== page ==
Instead of living a life of piety, he had been living a lie, instead of being a righteous beacon of goodness, he was an evil demon of depravity and black magic. In full and utterly frank confessions, suffering an illness in his old age, Major Weir was laying bare his soul to reveal his secret dealings in the black arts, sorcery and witchcraft.
At first the Lord Provost, Sir Andrew Ramsay, when informed of these bizarre admissions, refused to take them seriously and dismissed them as the rantings of an old man. Medical intervention even took place to examine the Major.
But the more he was ignored, the worse Major Weir's self-injurious allegations became. He added further startling exposés that he had fornicated with animals throughout his life and had even enjoyed carnal entwines with his own sister.
Incarceration for interrogation.
Eventually this became just too much for the authorities to turn a blind eye and Major Weir was taken in for questioning, as was his sister Jean Weir who lived with him. They were both held in the Tollbooth Jail in the Royal Mile.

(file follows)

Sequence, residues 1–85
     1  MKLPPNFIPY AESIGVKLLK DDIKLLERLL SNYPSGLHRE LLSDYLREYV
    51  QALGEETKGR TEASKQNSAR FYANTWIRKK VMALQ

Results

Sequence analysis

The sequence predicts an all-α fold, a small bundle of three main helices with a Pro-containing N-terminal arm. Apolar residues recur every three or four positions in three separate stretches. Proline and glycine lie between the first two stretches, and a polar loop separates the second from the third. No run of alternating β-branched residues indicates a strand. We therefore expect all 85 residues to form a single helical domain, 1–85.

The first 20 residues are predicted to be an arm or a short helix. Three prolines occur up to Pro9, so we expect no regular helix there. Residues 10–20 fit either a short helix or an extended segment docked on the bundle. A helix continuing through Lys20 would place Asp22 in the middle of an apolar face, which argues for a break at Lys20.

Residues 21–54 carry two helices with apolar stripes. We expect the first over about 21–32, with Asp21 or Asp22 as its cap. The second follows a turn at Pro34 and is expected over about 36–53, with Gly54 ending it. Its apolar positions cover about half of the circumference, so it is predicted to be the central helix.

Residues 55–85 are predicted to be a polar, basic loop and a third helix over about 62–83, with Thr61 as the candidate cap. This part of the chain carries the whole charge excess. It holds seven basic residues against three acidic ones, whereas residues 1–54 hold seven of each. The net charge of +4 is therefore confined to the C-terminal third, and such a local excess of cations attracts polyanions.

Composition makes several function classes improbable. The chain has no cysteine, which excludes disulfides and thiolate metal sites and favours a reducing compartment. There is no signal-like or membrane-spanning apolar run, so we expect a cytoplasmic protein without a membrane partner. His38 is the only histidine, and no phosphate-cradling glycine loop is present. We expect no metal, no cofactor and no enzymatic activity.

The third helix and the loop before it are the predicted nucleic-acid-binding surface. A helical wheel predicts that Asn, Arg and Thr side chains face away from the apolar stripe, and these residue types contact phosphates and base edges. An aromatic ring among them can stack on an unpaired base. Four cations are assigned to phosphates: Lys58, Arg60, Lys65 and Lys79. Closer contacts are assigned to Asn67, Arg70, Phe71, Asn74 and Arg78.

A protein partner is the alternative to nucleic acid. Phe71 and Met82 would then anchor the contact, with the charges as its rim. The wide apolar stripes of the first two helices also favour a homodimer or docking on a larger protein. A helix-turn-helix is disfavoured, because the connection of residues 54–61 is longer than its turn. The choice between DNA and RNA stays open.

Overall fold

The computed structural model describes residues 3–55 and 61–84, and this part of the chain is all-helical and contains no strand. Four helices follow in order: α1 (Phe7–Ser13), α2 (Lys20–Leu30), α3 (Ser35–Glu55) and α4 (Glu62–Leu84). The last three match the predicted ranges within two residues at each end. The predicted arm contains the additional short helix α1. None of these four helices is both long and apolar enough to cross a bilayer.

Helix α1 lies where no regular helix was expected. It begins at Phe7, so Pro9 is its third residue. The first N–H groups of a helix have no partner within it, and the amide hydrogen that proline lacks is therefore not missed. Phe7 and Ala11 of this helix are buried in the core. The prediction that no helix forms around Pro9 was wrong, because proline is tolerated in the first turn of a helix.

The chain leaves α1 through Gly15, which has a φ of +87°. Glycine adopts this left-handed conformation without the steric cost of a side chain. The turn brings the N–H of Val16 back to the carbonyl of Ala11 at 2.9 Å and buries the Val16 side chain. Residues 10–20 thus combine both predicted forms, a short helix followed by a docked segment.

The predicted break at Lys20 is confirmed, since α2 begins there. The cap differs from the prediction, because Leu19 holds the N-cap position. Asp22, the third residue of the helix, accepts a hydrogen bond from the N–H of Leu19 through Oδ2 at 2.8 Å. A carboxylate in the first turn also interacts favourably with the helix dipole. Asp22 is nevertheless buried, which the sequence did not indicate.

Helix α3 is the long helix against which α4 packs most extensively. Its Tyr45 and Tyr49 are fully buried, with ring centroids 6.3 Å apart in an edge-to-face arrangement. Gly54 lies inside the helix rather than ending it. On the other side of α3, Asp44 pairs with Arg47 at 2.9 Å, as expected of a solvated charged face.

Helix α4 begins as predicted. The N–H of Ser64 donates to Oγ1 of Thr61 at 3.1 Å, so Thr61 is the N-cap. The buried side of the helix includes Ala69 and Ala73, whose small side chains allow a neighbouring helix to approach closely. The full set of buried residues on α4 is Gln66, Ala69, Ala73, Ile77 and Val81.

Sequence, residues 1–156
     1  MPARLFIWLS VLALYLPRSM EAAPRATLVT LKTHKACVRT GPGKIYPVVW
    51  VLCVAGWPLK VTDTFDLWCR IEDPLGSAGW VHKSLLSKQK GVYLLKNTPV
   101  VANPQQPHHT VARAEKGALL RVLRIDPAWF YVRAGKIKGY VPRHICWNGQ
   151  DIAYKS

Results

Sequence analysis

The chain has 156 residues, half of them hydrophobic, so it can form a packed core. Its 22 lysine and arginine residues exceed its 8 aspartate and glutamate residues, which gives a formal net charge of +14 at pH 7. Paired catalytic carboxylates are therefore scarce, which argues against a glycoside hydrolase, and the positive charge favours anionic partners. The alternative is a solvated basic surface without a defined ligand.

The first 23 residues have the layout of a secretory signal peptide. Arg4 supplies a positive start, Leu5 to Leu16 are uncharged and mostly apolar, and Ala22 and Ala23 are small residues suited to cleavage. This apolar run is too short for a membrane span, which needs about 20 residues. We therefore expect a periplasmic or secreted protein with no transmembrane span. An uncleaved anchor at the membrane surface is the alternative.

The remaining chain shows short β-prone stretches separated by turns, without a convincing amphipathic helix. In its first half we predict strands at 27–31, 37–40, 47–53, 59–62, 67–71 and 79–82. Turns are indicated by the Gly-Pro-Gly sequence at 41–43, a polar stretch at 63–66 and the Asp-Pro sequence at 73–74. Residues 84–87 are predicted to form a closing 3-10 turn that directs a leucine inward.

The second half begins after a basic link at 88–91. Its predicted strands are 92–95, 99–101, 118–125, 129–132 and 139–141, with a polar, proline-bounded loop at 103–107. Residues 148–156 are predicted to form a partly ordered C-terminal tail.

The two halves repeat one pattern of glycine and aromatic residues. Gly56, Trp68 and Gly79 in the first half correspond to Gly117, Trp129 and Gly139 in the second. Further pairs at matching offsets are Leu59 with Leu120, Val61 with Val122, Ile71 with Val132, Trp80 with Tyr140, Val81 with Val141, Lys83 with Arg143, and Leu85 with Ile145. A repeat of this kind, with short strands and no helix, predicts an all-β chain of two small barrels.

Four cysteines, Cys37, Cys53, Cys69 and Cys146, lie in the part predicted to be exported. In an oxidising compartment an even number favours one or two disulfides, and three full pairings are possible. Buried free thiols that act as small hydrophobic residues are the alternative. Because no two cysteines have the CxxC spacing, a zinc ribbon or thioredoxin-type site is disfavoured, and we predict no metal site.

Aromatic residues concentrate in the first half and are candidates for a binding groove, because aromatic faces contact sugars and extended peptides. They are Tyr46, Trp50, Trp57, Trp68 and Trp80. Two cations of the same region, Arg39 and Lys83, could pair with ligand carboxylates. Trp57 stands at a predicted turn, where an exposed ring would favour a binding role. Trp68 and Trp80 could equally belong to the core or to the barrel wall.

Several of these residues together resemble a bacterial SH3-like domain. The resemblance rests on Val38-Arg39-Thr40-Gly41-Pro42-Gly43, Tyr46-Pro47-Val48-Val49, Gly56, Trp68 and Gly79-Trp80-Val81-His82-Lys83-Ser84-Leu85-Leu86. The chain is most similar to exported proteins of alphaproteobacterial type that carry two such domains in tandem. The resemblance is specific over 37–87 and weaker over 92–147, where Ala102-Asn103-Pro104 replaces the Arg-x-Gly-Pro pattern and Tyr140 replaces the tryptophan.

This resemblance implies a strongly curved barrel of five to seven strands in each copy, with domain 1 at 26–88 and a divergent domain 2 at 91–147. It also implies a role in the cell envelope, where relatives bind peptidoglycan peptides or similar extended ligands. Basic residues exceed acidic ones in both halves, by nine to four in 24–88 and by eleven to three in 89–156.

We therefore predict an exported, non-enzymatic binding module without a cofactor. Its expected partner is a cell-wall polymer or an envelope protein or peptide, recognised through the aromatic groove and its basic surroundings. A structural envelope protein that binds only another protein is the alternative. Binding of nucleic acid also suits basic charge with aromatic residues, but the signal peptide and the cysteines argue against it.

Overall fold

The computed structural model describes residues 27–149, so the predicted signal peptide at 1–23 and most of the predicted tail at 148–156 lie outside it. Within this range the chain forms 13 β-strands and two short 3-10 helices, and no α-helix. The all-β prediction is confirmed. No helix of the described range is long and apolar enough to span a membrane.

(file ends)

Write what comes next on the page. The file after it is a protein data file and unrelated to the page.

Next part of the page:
However far from defending her brother Jean not only corroborated everything he said but went even further and piled on more damning testimony. She claimed that Major Weir's walking stick, made of oak with a hand-carved handle, was enchanted and even able to move around on its own accord. It was a gift from the Devil and capable of a malevolent power.
The good citizenry do their duty
When news of this revelation spilled onto the streets of Edinburgh witnesses came forward to say they had actually seen it, they had witnessed it on the Royal Mile. Major Weir had been seen strolling along the road with his walking stick ambling along in front of him all on it's own.
Jean then revealed the most spectacular of her brother's supernatural deeds. Once, in the stillness of a dark Edinburgh night, a ghostly, fiery carriage careered down from the Royal Mile into the West Bow.
Pulled by the combined forces of a phalanx of phantom horses it drew up outside Major Weir's home whereupon he came strolling out and entered the coach. It then carried him away down the West Bow, across the Grassmarket and all the way to the country village of old Dalkeith.